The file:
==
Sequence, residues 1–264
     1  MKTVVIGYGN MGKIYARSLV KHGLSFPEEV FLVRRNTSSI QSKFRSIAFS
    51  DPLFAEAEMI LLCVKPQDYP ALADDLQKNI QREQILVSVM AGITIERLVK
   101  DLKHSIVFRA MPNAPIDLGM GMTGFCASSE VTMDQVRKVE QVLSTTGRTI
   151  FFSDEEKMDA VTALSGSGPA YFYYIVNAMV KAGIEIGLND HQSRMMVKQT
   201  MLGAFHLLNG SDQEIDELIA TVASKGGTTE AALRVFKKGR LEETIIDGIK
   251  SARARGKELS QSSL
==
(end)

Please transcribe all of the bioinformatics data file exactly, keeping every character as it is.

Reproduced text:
Sequence, residues 1–264
     1  MKTVVIGYGN MGKIYARSLV KHGLSFPEEV FLVRRNTSSI QSKFRSIAFS
    51  DPLFAEAEMI LLCVKPQDYP ALADDLQKNI QREQILVSVM AGITIERLVK
   101  DLKHSIVFRA MPNAPIDLGM GMTGFCASSE VTMDQVRKVE QVLSTTGRTI
   151  FFSDEEKMDA VTALSGSGPA YFYYIVNAMV KAGIEIGLND HQSRMMVKQT
   201  MLGAFHLLNG SDQEIDELIA TVASKGGTTE AALRVFKKGR LEETIIDGIK
   251  SARARGKELS QSSL